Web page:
In the beginning of his 1908 book, Orthodoxy, G. K. Chesterton compared himself to an English adventurer who set out by sea to discover new land, and thought he did just that—until he discovered that he had accidentally returned to England.
In addition to feeling embarrassed by his mistake, the sailor would also feel fortunate, Chesterton speculated, to have experienced both the adventure of discovery and the comfort of the familiar:
“What could be more delightful than to have in the same few minutes all the fascinating terrors of going abroad combined with all the humane security of coming home again? What could be better than to have all the fun of discovering South Africa without the disgusting necessity of landing there? What could be more glorious than to brace one’s self up to discover New South Wales and then realize, with a gush of happy tears, that it was really old South Wales. This at least seems to me the main problem for philosophers, and is in a manner the main problem of this book. How can we contrive to be at once astonished at the world and yet at home in it?”
In Orthodoxy, Chesterton aimed to show how Christianity had solved this problem and could provide for us what he called a “life of practical romance”:
“…we need this life of practical romance; the combination of something that is strange with something that is secure. We need so to view the world as to combine an idea of wonder and an idea of welcome. We need to be happy in this wonderland without once being merely comfortable.”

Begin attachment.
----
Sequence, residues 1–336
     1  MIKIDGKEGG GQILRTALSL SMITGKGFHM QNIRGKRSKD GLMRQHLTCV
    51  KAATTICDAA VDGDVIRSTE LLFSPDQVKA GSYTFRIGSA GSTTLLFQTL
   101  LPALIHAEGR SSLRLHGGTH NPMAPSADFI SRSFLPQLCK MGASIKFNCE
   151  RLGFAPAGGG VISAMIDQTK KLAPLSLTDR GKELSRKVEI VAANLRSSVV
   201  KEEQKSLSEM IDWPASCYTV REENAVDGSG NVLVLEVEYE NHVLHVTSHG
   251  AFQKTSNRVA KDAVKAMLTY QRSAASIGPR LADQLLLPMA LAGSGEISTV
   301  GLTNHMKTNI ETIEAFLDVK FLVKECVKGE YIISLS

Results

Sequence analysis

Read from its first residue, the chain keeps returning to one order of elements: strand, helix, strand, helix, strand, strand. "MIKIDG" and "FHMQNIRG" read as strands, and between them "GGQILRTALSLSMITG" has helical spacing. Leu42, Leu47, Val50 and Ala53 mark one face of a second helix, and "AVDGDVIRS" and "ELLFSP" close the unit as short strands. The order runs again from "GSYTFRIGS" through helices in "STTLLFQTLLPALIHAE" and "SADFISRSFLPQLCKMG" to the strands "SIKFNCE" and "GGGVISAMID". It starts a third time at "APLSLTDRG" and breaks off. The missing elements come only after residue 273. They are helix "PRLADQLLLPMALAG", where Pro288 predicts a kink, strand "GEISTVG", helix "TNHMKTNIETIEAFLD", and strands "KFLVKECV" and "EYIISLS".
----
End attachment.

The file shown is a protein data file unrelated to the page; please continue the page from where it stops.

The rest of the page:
Chesterton wrote Orthodoxy as an account of what he called his “elephantine adventures in pursuit of the obvious.” Determined to think for himself, he reached conclusions that confirmed for him the truth of the Christian faith:
“When I fancied that I stood alone I was really in the ridiculous position of being backed up by all Christendom. It may be, Heaven forgive me, that I did try to be original; but I only succeeded in inventing all by myself an inferior copy of the existing traditions of civilized religion. The man from the yacht thought he was the first to find England; I thought I was the first to find Europe. I did try to found a heresy of my own; and when I had put the last touches to it, I discovered that it was orthodoxy.”
I remember, as a kid, playing with my electric keyboard and discovering a secret formula, certain notes that always sound good when played together. I soon learned that there were things called “chord progressions,” and that the one I had discovered was the most basic one that all musicians knew about.
Exploration and discovery are thrilling, but not every adventurer is fortunate enough to return home. I’ve known people who have studied the Bible and found a new revelation that turned out to be an ancient heresy. I’ve also seen people discover a truth that had been taught by others before them. Yet it is more precious to them because they found it for themselves.
The good news is that we can have both the new and the familiar. We can benefit from the wisdom of the ages and also taste the powers of the age to come. We can think for ourselves and also humbly listen to others who went before us and thought for themselves. We can love tradition enough to fight for it, and we can love it enough to challenge it.